Since one month is a very short period of time, I took the same data and calculated what would happen if you not only missed the months in question, but then you also delayed an extra month before getting back in the market. Here are the results under those circumstances:
Missed best month and the month following: 176.92%
Missed best two months and the months following: 142.11%
Missed best ten months and the months following: 25.06%
Missed worst month and the month following: 354.85%
Missed worst two months and the months following: 397.91%
Missed worst ten months and the months following: 943.74%
Clearly, once again, it pays to have had a degree of clairvoyance working in your favor. But obviously you can’t plan to have this kind of timing – so far I think we’ve learned that staying the course has benefits. Although it would be pretty cool if you had hindsight working in your favor and could miss all those bad months, the likelihood of hitting it just right is pretty low.
What About Reacting?
So – since we don’t have a crystal ball available to us, what’s the next most obvious way to handle things? Reacting, of course. So I took the same data and ran the calculations based upon those same months, only instead of missing the best or worst, you missed only the month following the best or worst months, in reaction to the prior months’ results. Here’s how that turns out:
Missed the month after the best month: 210.21%
Missed the months after the best two months: 201.86%
Missed the months after the best ten months: 164.90%
Missed the month after the worst month: 262.10%
Missed the months after the worst two months: 251.36%
Missed the months after the worst ten months: 312.20%
This shows us that there may be some benefit to be had by taking the reactionary stance – for the worst ten months example, you’d have improved your overall return by over 80% for the period, more than 4% per year. But how would you know if you were choosing the right 10 months to react to?
The other thing that this shows us is that reacting to a positive result by locking in your returns and standing pat doesn’t help – I suspect that the momentum of the market is working for both cases. This means that, if the market is on the rise, more often than not, it will continue to rise in the following month, and vice versa.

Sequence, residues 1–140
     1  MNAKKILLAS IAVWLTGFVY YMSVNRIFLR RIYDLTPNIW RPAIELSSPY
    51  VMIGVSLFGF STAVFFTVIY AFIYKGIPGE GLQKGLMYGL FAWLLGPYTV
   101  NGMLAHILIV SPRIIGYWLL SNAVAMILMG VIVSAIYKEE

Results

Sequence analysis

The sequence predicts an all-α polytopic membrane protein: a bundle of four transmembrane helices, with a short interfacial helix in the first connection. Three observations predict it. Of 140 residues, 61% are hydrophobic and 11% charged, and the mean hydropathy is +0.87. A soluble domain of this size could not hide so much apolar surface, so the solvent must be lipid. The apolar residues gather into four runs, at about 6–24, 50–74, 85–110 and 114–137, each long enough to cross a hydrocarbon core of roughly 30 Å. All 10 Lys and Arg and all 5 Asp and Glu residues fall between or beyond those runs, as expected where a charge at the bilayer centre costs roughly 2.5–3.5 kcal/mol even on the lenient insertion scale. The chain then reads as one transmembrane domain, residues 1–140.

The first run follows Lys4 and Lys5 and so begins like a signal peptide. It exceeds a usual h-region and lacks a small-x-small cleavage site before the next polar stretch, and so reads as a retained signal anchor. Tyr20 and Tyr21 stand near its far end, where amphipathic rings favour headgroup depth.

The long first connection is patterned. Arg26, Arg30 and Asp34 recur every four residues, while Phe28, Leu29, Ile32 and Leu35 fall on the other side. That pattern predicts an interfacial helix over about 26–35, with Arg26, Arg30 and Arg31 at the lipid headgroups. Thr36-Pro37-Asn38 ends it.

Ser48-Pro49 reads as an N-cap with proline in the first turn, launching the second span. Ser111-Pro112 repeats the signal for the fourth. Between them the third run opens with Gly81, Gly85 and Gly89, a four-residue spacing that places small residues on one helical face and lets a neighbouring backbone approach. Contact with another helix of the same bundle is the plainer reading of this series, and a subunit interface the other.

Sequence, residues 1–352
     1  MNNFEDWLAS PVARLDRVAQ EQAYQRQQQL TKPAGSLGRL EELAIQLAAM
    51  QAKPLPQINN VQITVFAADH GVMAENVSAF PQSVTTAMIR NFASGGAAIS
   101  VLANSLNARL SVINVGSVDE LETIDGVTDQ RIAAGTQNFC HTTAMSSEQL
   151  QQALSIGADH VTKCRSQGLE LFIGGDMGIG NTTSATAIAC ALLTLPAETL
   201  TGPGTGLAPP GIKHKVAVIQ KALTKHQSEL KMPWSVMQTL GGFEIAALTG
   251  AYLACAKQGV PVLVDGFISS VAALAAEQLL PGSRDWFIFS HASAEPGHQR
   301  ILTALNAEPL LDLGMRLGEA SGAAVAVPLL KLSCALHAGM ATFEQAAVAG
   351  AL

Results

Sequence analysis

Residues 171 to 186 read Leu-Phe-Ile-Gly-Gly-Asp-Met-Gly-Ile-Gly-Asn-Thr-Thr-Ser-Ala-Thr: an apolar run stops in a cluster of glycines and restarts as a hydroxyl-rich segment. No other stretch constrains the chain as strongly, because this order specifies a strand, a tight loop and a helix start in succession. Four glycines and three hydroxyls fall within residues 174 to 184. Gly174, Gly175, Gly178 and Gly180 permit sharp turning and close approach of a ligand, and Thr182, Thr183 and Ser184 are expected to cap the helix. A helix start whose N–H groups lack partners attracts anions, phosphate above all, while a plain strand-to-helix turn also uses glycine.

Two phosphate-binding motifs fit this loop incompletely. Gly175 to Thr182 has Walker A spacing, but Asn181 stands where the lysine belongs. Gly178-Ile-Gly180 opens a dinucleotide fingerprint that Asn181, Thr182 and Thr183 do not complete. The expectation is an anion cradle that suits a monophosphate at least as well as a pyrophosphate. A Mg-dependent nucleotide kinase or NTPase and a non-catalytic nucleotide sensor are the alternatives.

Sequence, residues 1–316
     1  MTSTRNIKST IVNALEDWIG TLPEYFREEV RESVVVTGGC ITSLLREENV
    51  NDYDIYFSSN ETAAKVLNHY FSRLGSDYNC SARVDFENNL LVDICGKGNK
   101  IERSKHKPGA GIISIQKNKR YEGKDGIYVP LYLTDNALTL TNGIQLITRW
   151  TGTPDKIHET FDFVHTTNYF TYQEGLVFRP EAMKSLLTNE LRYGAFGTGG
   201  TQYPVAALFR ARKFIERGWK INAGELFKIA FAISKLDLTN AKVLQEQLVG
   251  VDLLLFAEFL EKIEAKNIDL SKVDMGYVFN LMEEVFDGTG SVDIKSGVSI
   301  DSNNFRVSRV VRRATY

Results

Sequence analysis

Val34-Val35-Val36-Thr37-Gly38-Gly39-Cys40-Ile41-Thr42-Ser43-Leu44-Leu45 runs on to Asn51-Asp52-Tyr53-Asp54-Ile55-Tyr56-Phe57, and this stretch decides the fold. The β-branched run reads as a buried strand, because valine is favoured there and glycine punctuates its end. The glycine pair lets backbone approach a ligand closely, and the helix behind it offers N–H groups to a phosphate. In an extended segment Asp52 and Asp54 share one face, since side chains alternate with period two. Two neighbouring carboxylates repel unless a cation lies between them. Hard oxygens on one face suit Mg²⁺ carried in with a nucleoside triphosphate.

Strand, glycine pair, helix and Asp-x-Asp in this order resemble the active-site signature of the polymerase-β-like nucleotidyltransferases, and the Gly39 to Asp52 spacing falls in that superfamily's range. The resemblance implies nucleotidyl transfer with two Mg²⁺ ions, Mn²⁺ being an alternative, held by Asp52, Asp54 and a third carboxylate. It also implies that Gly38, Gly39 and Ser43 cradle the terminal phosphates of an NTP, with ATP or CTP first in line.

Since we don’t know for sure what the best and worst months will be in advance, what if we used the prior month’s return against a benchmark result and then reacted by getting out of the market for the following month?
On the upside, once again, locking in your positive results in any month with better than a 4% return (an arbitrary number that I chose), you’d wind up with a result less than half (at 111%) of what you’d have gotten by just buying the market and staying in it for the full period (which was 230%). There were 32 months in the 20 year period that met this criteria.
The market momentum once again works its magic (at least with the data I used). If you chose to get out of the market on the first day of any month following a downside month (of which there were 97 in the period studied), you would have wound up with an overall result of 355.93%. This is a good thing! By putting this easily-understood method into play, your overall results increased by better than 6% per year.
Keep in mind that the study only covered the previous 20 years – a relatively small period of time, with some pretty dramatic results, both positive and negative. I’m going to do some further study on the historical data and I’ll let you know more about those results after I’ve done that analysis.
Even with that fact in mind, I think this might be a useful tactic to consider putting into place. I still think that the core of your portfolio should be left in place for the long term – especially with your well-balanced portfolio. But it could work in your favor to put such a plan into place for a small portion of your portfolio, such as maybe 10-20% of your domestic stock holdings. The critically important fact here is that for this to work you have to stay disciplined and make your moves at the correct times. Otherwise this won’t work.
And if you don’t want to hassle with this kind of manipulation, it’s still pretty clear that you can definitely do worse than the long-term hold tactic, which is the simple, tried and true way to handle your portfolio.